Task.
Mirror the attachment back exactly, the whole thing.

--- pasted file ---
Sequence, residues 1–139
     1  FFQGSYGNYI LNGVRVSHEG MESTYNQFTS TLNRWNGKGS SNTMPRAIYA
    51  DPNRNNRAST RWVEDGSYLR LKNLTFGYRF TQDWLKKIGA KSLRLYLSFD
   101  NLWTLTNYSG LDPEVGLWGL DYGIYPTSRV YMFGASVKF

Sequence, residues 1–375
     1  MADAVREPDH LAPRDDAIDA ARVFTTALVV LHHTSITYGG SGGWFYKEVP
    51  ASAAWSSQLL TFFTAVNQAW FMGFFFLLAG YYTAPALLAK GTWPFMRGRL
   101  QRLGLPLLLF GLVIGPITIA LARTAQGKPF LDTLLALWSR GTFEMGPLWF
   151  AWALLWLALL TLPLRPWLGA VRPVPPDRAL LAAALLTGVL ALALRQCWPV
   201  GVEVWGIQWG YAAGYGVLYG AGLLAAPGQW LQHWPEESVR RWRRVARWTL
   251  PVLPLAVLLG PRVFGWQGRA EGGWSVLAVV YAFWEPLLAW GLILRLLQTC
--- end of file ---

Sequence, residues 1–139
     1  FFQGSYGNYI LNGVRVSHEG MESTYNQFTS TLNRWNGKGS SNTMPRAIYA
    51  DPNRNNRAST RWVEDGSYLR LKNLTFGYRF TQDWLKKIGA KSLRLYLSFD
   101  NLWTLTNYSG LDPEVGLWGL DYGIYPTSRV YMFGASVKF

Sequence, residues 1–375
     1  MADAVREPDH LAPRDDAIDA ARVFTTALVV LHHTSITYGG SGGWFYKEVP
    51  ASAAWSSQLL TFFTAVNQAW FMGFFFLLAG YYTAPALLAK GTWPFMRGRL
   101  QRLGLPLLLF GLVIGPITIA LARTAQGKPF LDTLLALWSR GTFEMGPLWF
   151  AWALLWLALL TLPLRPWLGA VRPVPPDRAL LAAALLTGVL ALALRQCWPV
   201  GVEVWGIQWG YAAGYGVLYG AGLLAAPGQW LQHWPEESVR RWRRVARWTL
   251  PVLPLAVLLG PRVFGWQGRA EGGWSVLAVV YAFWEPLLAW GLILRLLQTC